Arts

We'll Walk Hand In Hand leaves you with a sense that we still need the spirit of the 60s

A scene from We'll Walk Hand In Hand by Belfast playwright Martin Lynch

THEATRE REVIEW

We'll Walk Hand In Hand

The Lyric

Belfast

WE'LL Walk Hand in Hand, on tour after a final night at the Lyric Theatre on Saturday, is Martin Lynch's take on the civil rights movement in Northern Ireland. And history according to Mr Lynch is one of two things. Either a serious retelling, as in his superb First World War drama, Holding Hands at Passchendaele, or humorous, as in the popular Troubles According to my Da franchise.

His new play is, you could say, a mix of both Lynch genres. It's about the 1960s civil rights protests and their effect on Northern Ireland, without of course forgetting the Troubles. It is by turns moving and ribald (scenes of sexual experimentation got a laugh of recognition).

The action is framed at first by older versions of our Romeo and Juliet couple from different flag-waving communities, Vincent Maguire (convincing Noel McGee) and Lesley Gilmartin (Susie Kelly), who observe their younger lives. They see themselves as passionate student protesters caught up in the famous Long March to Derry that ended in violence.

The arguments were well done, the complex politics acted out with the nascent IRA unit shaping up under Vincent's stern dad. This commander isn't interested in Martin Luther King, just discipline. A revealing moment was when Vincent, whose brother hates his weedy pacifism and knocks off his glasses, breaks down and says he loved his father. "He was a good man, he didn't have a chance."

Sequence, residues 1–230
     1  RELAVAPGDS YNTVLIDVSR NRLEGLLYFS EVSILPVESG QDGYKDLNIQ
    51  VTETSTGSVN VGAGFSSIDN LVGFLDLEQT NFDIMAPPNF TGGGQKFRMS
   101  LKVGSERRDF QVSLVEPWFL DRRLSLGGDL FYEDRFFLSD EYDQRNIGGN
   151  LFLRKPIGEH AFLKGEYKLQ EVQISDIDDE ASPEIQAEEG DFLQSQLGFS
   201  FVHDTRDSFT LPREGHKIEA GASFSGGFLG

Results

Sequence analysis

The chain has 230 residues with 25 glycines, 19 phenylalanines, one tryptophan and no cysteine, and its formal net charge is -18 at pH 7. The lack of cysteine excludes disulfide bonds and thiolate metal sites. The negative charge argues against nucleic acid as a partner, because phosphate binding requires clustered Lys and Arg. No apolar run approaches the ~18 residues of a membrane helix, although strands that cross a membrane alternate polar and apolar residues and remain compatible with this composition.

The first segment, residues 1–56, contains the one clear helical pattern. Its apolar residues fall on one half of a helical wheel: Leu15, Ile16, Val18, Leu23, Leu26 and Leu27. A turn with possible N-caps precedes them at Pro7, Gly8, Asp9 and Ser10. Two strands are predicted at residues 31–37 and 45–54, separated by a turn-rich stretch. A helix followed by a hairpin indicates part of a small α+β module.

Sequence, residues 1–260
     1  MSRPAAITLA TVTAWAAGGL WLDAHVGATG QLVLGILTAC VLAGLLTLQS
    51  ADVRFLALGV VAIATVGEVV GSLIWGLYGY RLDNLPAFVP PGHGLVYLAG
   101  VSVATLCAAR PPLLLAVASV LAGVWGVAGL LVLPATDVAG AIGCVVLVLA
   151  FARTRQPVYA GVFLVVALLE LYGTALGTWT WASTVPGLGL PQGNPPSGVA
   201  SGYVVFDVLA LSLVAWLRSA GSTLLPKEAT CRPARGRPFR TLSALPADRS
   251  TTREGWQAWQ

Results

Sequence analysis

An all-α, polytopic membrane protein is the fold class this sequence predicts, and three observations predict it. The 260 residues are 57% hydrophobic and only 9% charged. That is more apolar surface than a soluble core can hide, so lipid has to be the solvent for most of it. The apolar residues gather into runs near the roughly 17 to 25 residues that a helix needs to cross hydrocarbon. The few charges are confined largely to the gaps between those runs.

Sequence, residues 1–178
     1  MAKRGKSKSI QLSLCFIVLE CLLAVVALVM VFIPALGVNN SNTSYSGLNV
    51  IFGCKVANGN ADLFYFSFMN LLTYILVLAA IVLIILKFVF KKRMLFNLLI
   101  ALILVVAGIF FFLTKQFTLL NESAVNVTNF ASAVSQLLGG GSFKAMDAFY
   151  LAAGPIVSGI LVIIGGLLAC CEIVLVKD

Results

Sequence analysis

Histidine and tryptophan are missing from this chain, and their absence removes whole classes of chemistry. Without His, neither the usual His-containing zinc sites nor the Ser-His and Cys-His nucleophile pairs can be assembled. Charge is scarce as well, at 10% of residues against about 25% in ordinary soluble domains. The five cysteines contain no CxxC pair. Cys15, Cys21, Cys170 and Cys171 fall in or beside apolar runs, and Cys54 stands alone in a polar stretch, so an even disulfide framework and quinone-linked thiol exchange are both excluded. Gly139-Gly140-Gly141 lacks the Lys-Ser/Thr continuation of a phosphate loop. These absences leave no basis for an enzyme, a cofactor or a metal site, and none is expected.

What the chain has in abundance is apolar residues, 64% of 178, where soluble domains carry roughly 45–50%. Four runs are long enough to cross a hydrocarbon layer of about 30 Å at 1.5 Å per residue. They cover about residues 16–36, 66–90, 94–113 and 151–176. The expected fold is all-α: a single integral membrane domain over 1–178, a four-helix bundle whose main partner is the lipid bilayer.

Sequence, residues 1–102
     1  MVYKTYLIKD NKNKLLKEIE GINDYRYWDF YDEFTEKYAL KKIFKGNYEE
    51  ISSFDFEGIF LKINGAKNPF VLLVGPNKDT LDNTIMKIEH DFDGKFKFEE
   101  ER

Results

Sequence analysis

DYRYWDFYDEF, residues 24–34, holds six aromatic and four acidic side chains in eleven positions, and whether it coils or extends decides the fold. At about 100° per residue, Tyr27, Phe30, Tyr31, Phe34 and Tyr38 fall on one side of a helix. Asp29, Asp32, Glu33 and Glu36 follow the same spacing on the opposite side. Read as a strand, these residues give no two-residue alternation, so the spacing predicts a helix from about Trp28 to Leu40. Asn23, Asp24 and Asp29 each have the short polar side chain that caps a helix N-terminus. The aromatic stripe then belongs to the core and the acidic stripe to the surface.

The personal is political as the slogan of the time had it. It's also economic and Martin Lynch doesn't ignore the Catholic unemployment figures.

Although a framing device risks detachment from the drama, there was enough action and movement and music to carry the big drama through to the second half and the present day.

Suddenly, the issues had changed – abortion, racism, gay rights, Northern Ireland coming to terms with a not always brave new world. Possibly the narrative wasn't so clear and the singing wasn't always on key while the soundtrack moved on from Dylan.

Emer McDaid was superb as Michaela, Lesley's granddaughter. The humour as Vincent (John Travers) watched his future life unfurl, raging against his divorce and worse, an enthusiasm for golf, was entertaining. His older self has to resist hardening of ideas rather than arteries.

We'll Walk Hand in Hand by Green Shoot Productions is the result of academic engagement with Queen's University and community involvement. In the ensemble, Warsame Mohamed made a very good stab at Mike, the initially feckless, good-looking love interest of Michaela.

It was a good-hearted conclusion, with standing ovation, and a sense we still need that spirit of the 60s. As John Hume put it, the challenge of civil rights and the northern Irish question remains the same – equality.

:: At the Lyric Theatre, Belfast, until Saturday March 31, then touring to Sean Holywood Arts Centre, Newry, April 10; Playhouse, Derry (plus post show talk with Eamonn McCann & Bernadette McAliskey), April 11; Marketplace Theatre, Armagh, April 11; Burnavon Arts Centre, Cookstown, April 13.

 

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